Went into work and even more stuff went on top of the task stack, accompanied by hazy speculation from middle-management based on meetings and website-skimming. It sleets down quicker than I am able to shovel it away and because I'm on the receiving end of people for whom "saying" is, in fact, "doing," it becomes very difficult to explain that this stuff takes finite time to accomplish -- and more of it when I am thrown jobs without the meeting-based context the bosses already have: I end up with the "we have decided to..." and have to scramble to understand the very nature of the task. It's not "bolt this to that and paint it haze gray." Often a very simple decision requires a complex implementation -- or cannot be done at all with the equipment we have, news which is not received graciously.
Long story short, at the end of the day I told my department head I thought I was done, as in how much notice did he want.
Incredulity was expressed, and shallow appreciation for my "dedication." (You know, it's not really dedication if you work over because the job has to reach a sustainable stopping point, nor is it dedication if you go study up on things your boss doesn't bother to provide any background info for because if you don't, you're just stumbling in the dark.) Offers we made of "help with prioritization," but there's still no understanding that there's too much in the stack, and too many things that have hard deadlines have been shoved down in priority.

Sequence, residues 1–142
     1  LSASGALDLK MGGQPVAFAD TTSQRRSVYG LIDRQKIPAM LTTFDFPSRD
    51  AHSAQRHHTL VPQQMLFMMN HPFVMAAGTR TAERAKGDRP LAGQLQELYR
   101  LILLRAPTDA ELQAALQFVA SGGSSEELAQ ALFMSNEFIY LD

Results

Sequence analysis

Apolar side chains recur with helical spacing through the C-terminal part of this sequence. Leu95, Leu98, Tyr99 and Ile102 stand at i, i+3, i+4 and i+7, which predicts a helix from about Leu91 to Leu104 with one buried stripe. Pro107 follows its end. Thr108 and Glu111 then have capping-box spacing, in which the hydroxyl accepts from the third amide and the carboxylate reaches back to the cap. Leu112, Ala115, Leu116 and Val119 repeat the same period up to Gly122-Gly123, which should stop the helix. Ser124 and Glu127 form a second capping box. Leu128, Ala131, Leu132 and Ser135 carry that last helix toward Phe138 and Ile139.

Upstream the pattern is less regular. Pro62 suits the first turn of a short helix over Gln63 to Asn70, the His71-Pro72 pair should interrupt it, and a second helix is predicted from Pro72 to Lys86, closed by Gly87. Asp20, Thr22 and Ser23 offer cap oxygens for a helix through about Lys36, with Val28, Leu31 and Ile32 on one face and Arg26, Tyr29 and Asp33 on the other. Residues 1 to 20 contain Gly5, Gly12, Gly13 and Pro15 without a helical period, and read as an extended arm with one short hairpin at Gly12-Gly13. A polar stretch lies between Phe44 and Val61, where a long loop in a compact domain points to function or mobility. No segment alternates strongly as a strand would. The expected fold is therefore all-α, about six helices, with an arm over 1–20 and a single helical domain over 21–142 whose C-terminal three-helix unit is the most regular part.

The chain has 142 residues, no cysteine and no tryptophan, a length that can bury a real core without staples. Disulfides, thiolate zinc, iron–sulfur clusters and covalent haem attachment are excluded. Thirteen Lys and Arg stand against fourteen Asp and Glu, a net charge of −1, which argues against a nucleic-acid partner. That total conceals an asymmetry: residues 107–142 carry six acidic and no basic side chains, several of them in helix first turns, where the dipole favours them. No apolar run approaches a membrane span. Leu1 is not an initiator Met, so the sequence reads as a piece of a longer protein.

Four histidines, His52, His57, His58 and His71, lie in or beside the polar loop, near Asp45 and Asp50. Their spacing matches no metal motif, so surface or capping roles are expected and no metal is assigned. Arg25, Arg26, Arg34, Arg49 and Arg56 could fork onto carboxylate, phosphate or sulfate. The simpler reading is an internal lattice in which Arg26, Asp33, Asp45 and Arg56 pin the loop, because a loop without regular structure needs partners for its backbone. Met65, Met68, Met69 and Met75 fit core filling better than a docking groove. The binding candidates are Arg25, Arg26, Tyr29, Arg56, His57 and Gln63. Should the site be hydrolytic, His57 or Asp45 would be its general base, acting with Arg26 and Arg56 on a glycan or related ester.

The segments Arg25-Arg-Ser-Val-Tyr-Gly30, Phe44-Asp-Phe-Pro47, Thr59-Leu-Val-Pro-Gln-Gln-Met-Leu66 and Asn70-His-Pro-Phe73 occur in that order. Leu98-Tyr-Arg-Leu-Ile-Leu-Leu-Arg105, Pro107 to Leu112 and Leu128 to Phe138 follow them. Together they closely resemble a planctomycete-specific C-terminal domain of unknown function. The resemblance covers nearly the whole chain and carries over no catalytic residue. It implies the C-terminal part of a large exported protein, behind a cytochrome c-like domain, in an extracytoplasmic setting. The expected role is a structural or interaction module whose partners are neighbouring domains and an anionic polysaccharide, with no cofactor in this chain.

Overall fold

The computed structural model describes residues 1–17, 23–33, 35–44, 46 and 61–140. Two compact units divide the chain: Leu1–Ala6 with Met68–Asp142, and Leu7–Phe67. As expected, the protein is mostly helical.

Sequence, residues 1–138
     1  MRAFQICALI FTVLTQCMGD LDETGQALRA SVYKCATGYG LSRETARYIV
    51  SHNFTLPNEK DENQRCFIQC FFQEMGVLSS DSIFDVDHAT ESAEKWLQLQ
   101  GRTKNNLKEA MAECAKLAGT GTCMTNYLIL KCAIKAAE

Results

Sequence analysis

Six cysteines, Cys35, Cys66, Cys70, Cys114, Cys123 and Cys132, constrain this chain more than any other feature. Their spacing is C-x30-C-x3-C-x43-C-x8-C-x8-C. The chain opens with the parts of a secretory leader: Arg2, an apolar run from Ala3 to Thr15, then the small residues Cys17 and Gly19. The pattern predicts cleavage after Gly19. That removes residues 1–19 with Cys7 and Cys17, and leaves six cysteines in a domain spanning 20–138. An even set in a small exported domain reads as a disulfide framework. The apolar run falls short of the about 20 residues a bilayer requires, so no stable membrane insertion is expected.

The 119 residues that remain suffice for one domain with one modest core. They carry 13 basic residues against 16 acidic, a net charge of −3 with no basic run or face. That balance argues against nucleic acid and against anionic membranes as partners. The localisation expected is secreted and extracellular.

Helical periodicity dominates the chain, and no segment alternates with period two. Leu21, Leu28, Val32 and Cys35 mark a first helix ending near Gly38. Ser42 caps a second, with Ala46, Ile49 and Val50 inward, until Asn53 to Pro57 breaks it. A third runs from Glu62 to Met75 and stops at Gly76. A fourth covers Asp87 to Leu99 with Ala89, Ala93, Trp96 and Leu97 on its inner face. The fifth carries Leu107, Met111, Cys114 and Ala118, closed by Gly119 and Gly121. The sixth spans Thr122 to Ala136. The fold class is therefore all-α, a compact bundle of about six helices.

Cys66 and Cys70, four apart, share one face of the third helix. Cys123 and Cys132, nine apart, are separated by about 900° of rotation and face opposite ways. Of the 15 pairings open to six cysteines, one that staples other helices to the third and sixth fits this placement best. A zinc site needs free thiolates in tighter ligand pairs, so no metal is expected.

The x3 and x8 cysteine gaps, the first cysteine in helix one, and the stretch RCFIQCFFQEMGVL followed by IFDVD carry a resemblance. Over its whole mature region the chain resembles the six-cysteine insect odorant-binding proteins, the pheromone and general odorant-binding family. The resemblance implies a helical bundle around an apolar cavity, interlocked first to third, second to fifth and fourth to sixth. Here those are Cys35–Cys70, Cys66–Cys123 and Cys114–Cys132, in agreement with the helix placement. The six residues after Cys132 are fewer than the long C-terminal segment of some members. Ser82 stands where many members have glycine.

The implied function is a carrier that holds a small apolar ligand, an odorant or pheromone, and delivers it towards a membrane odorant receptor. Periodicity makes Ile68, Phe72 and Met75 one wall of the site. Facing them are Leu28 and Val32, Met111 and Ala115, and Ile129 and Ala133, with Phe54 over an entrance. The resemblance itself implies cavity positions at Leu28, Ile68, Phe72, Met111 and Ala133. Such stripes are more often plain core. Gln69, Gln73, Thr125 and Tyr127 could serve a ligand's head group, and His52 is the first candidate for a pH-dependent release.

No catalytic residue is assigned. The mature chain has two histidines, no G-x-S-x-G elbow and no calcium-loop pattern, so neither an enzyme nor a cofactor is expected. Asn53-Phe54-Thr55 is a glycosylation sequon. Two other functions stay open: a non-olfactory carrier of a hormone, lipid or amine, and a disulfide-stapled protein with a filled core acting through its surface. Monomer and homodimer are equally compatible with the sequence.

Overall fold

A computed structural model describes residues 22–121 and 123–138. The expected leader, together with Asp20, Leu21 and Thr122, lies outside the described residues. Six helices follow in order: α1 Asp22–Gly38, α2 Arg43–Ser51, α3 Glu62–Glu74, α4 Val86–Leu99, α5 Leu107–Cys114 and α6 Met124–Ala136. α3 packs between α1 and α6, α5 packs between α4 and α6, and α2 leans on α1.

So, I don't know. I have a meeting tomorrow and if it turns into the usual limp advice to "work smarter, not harder," I may not be able to keep my fool mouth shut. This would be bad. The house is nowhere near paid for.
My co-worker Dave quit a year ago, went and did freelance work as he needed or wanted to, and was found dead in front of his TV after nine months of it. He didn't get out in time.
And those two hard realities are the horns of my dilemma.
T. R. MCELROY'S STREAMLINED TELEGRAPH KEYS
1 year ago